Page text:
Minutes later, however, two other Weirton Police officers arrived, and within seconds, Williams raised his weapon and Officer Ryan Kuzma shot him in the head, killing him. Williams’ gun was then confirmed to be unloaded at the scene.
Mader’s lawsuit, filed by the ACLU of West Virginia and attorney Timothy P. O’Brien, alleges that the department decided that in order to protect 10-year veteran Kuzma, Mader had to be the scapegoat. After two periods of administrative leave, Mader was fired in June.
The police department denies the lawsuit’s claim and sticks to its own statements from a September press conference that Mader was a “disgruntled employee” and “a bad cop.”
Mader never attempted to de-escalate the situation, according to the department, but instead yelled profanities at Williams and froze when Williams raised his gun. Other prior incidents were cited as the reason for the termination, including an improper search of a car without probable cause and incorrectly ruling a death as due to natural causes, which caused evidence to be moved in a crime scene.
Mader had only 10 months experience on the force, so because he was a probationary officer, the police union did not get involved, NBC News reported.
“The City of Weirton’s decision to fire officer Mader because he chose not to shoot and kill a fellow citizen, when he believed that he should not use such force, not only violates the Constitution, common sense and public policy, but incredibly punishes restraint,” Mader’s attorney O’Brien said, according to NBC News. “When given the tragic, and, far too frequent unnecessary use of deadly force, such restraint should be praised not penalized. To tell a police officer, when in doubt either shoot to kill, or get fired, is a choice that no police officer should ever have to make and is a message that is wrong and should never be sent.”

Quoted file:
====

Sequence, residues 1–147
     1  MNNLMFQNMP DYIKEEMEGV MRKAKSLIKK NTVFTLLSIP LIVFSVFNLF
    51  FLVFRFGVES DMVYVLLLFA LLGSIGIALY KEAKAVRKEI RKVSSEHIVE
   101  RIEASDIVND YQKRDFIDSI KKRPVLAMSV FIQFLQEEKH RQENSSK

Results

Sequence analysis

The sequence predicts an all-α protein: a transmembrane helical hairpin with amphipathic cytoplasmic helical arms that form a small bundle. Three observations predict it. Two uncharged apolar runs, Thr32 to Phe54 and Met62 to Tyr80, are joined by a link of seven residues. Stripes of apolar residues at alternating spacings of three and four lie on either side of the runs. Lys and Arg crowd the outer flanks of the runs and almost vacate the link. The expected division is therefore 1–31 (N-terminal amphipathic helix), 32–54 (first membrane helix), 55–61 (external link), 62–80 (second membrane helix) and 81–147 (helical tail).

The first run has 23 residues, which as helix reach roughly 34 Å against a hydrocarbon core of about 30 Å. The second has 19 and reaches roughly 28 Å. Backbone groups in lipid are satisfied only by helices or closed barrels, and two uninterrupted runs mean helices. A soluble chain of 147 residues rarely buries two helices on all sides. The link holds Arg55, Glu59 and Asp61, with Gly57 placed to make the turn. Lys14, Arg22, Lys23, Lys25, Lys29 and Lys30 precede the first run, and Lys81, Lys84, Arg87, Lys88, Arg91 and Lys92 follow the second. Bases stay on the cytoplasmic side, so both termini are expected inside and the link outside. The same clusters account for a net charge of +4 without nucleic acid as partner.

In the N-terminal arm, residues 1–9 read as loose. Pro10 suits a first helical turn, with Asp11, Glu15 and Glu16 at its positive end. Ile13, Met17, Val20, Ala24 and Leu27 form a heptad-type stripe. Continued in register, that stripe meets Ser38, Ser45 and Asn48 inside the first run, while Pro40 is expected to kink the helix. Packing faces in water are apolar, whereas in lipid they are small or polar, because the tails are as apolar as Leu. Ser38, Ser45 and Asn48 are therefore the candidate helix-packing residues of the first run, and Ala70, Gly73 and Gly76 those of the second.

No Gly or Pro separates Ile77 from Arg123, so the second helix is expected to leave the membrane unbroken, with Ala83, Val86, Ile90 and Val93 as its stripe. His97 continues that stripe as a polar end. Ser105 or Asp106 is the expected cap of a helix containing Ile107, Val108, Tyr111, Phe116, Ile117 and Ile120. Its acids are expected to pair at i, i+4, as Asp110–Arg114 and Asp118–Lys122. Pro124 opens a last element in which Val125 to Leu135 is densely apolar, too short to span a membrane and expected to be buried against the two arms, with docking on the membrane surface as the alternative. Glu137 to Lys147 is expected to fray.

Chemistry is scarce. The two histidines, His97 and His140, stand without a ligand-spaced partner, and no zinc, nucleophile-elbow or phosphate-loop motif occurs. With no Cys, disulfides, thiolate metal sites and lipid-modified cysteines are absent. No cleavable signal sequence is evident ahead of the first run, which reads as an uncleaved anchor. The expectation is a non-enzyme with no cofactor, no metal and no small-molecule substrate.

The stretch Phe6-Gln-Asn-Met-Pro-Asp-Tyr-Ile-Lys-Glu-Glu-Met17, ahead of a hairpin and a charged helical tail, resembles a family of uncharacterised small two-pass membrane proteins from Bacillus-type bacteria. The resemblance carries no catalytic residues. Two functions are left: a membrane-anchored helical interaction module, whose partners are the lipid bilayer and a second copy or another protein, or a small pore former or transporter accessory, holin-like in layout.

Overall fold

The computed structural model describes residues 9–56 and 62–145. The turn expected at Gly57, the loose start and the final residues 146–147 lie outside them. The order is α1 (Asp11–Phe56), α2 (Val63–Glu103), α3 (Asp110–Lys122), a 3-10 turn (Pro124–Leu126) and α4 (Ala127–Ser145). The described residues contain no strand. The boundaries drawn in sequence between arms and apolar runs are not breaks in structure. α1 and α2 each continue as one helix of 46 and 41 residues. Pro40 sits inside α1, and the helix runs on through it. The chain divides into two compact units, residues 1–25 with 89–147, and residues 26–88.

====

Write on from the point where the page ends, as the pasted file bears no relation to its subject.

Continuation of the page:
Beyond dealing with the city and police department, Mader has also been personally confronted by Kuzma, the officer who killed Williams.
Mader told the Pittsburgh Post-Gazette that following the September news conference, Kuzma called him “a coward” who “didn’t have the balls to save [his] own life,” in a text message, adding that Mader and his mother were “loud mouth pieces of s***.”
The next day, September 15, Kuzma allegedly tracked down Mader in full police uniform and “repeated the same profanity-laced allegations” while Mader was with an instructor and classmates training for a commercial driver’s license test. Mader’s lawsuit states that the instructor reported Kuzma to Weirton Police Chief Rob Alexander, but that the chief “denied that the incident occurred and refused to take a report.”
The case, Stephen Mader v. City of Weirton, is in the U.S. District Court for the Northern District of West Virginia.